Alien Gear makes bases in four sizes — micro, sub-compact, compact, and full size. If you order a complete holster and multiple shells, the base will be sized appropriately for the largest pistol in the order. In my case, that meant a full size base, which works fine with the CZ SP-01, GLOCK 20, or Kel-Tec PMR-30, but is gross overkill for the Beretta Nano.
In fact, it’s excessive and actually detracts from ultimate comfort since now there may be holster base rubbing and pressing in places where it serves no function protecting me from the metal of my firearm (or it from me). Luckily, bases are available separately as well, and run just $22.88 in any size.
However, since the shells are always swappable, there’s no way to avoid excessive Kydex on small guns. As the Kydex is formed perfectly flat on either side of the pistol, it results in a horizontal section of holster that isn’t capable of conforming to one’s body.
I admit I have a negative bias here, though, as I have long-since completely moved away from this style of holster for anything other than heavy, full-sized pistols where they do legitimately shine. For guns under a certain size and weight, my very strong preference is a single-clip holster that adds as little as possible to the footprint of the pistol. For instance, this holster, which is the go-to for my EDC Nano and my Taurus TCP.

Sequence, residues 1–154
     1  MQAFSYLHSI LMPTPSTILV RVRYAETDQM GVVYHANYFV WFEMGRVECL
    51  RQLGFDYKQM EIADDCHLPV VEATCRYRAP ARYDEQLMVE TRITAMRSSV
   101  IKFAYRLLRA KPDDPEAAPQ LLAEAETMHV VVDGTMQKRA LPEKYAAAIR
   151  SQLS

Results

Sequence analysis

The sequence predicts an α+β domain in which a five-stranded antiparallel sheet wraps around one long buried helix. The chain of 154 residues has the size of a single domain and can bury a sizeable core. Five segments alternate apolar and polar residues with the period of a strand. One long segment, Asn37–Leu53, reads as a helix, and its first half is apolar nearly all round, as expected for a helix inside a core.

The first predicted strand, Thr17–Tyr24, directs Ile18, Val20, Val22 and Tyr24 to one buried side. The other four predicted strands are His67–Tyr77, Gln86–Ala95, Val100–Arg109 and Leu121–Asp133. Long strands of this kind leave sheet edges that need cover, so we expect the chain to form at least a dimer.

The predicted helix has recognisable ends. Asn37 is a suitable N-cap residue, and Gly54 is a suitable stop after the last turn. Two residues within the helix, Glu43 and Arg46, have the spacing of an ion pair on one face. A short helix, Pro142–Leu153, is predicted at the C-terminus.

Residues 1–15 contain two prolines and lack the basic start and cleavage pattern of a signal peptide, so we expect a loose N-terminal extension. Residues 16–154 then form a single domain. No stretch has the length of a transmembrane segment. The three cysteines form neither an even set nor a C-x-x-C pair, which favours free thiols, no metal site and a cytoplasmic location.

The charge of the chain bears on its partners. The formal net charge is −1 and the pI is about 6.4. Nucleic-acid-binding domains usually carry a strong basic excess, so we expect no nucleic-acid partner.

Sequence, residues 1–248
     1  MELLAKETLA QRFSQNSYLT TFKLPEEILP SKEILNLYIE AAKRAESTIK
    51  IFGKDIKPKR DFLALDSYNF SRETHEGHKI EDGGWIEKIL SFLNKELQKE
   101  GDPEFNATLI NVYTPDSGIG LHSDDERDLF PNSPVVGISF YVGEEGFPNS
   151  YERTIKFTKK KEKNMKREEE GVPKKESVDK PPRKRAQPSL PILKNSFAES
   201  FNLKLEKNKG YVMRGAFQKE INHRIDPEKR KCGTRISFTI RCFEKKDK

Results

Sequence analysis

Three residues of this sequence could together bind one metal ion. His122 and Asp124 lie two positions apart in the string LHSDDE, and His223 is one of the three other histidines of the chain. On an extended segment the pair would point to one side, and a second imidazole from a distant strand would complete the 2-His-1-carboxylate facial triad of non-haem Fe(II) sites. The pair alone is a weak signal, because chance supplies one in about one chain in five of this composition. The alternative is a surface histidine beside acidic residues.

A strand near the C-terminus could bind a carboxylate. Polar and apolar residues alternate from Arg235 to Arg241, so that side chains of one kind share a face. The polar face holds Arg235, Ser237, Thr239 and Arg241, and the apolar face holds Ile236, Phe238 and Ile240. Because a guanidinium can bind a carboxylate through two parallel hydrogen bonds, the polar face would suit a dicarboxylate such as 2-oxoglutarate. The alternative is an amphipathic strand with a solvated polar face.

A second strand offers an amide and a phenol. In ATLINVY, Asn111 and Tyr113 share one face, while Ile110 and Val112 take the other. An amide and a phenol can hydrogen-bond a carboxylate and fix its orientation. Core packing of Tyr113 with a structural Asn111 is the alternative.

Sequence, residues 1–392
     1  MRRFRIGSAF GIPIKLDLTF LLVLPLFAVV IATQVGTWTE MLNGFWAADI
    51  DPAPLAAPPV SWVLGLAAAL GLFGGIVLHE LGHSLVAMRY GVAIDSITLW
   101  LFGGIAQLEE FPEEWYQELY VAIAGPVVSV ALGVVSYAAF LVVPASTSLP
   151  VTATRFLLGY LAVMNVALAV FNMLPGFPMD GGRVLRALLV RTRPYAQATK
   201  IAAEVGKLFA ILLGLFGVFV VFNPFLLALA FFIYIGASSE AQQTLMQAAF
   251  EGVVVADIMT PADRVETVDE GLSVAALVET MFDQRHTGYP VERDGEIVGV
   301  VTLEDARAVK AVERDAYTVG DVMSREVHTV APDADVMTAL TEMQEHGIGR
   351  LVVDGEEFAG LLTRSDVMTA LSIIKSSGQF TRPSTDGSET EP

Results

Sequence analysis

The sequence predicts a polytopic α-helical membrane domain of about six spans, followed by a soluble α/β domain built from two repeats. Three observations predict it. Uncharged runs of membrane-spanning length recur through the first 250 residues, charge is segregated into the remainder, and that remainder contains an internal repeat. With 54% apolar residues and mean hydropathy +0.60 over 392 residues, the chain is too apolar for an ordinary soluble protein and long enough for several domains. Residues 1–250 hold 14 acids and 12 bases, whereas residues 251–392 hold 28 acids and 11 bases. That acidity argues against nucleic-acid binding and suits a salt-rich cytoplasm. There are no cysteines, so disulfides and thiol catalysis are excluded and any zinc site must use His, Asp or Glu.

The Kydex shells I tested were all formed well, but I think they’re actually thicker than they need to be. I’d step down from 0.093″ to the equally-available 0.080″. Really a non-issue and more of an observation than anything. On the “negative” front, there were rough edges, tiny gouges, and some flashing in a few places from the shell being cut to shape. These little flaws were purely aesthetic.
I’ve never done “warranty” as a review category before, but Alien Gear offers such a comprehensive warranty and shell exchange program that it demands mention. AG calls it its “Iron-Clad Triple Guarantee,” and it really is quite impressive: